Latest Gallup Poll Puts Ron Paul At 4%
This week’s poll results are out, and it seems that the September 10th release may have been a statistical anomaly:
PRINCETON, NJ — Former New York City mayor Rudy Giuliani continues to lead the national race for the Republican presidential nomination, although his support has faded to one of its lowest readings of the year. Former Tennessee senator Fred Thompson, who recently announced his candidacy, holds steady in second place, 8 percentage points behind the frontrunner. Meanwhile, Arizona Sen. John McCain has continued to recover from his early August doldrums and is in third place, only 4 points behind Thompson and more than 10 points ahead of former Massachusetts governor Mitt Romney. Romney’s mini-bounce after the Iowa straw poll in early August appears to have been short-lived.
In general, support for McCain has shown gradual improvement over the past month, and Americans’ opinions of McCain are at their highest point since May. McCain is now rated as favorably by Americans as Giuliani, and more so than the less-well known Thompson or Romney.
The Sept. 14-16, 2007, Gallup Poll survey finds Giuliani maintaining a significant lead over the eight other announced Republican candidates, with 30% of Republicans (and Republican-leaning independents) supporting the former New York City mayor for the nomination. Following next is Thompson at 22%, McCain at 18%, and Romney at 7%. Both former Arkansas governor Mike Huckabee and current Texas Congressman Ron Paul get 4% of the vote.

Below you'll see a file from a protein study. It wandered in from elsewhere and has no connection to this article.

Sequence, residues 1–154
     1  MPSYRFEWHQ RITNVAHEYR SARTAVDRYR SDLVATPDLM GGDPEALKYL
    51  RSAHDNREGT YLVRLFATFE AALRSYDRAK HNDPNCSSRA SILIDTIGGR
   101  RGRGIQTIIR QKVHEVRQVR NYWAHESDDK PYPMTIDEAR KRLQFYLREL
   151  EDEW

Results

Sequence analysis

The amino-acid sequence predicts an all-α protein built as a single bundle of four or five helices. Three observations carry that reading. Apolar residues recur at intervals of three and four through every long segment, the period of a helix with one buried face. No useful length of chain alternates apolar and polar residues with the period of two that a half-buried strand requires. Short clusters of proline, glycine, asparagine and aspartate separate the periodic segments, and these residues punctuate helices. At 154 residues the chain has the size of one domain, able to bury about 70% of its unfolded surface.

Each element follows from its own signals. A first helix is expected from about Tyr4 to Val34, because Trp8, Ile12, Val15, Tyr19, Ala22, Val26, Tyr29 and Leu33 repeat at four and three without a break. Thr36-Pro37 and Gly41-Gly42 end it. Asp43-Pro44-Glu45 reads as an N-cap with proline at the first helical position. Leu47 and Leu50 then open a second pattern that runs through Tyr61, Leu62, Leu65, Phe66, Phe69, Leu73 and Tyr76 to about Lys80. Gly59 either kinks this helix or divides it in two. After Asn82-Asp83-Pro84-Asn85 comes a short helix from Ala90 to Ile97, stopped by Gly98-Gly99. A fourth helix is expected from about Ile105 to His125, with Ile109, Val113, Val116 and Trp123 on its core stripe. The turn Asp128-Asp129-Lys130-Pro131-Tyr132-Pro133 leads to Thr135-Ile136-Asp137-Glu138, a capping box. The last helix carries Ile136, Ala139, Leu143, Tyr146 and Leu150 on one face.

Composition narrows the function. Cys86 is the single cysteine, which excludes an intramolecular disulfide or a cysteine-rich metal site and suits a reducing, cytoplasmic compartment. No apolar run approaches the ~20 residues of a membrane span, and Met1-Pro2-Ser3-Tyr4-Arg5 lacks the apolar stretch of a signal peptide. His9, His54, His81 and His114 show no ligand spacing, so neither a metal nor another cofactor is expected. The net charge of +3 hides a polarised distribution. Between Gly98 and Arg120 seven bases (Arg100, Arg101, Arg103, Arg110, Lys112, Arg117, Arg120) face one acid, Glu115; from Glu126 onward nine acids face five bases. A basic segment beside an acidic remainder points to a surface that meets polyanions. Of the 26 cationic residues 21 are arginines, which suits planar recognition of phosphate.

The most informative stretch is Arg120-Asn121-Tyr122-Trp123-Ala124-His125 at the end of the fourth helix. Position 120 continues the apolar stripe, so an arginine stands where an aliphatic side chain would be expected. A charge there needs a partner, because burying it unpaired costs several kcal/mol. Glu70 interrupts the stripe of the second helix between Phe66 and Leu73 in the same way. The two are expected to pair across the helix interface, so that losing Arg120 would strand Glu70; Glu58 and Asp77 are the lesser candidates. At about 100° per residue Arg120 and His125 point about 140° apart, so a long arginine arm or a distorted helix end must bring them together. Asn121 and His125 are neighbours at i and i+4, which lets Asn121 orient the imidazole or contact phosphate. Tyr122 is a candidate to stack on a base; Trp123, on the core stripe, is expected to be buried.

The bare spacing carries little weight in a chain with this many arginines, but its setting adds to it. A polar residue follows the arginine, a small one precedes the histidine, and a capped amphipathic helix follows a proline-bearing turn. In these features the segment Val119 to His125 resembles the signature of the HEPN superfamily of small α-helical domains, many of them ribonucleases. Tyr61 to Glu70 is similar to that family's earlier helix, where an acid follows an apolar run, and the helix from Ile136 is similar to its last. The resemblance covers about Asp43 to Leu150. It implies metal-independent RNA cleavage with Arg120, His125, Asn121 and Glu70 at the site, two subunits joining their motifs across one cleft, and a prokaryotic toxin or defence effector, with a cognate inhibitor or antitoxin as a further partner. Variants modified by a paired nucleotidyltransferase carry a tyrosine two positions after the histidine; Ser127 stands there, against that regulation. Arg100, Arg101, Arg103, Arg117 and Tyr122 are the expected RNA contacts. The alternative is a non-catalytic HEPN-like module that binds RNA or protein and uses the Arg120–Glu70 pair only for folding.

Admittedly, an increase from 3% to 4% is, statistically speaking, not all that important. But at least it shows that the notoriety and support that the Paul campaign had gained over the summer didn’t simply evaporate. It also shows that the only way to really look at poll results is not as a single snapshot, but to watch the overall trends.
And, on the GOP side, the trends are interesting.
Giuliani remains in the lead, but his support is slipping and a guy who has only been in the race for a week is gaining on him fast. McCain is now a third-place candidate, which basically means he’s done. Romney had a boomlet for awhile but seems to be quickly fading.
As for Ron Paul, I’m not sure what it means. 4% is not a number upon which a winning campaign is built, but it does show that there’s growing support for a libertarian message among Republican voters.
And that can only be a good thing.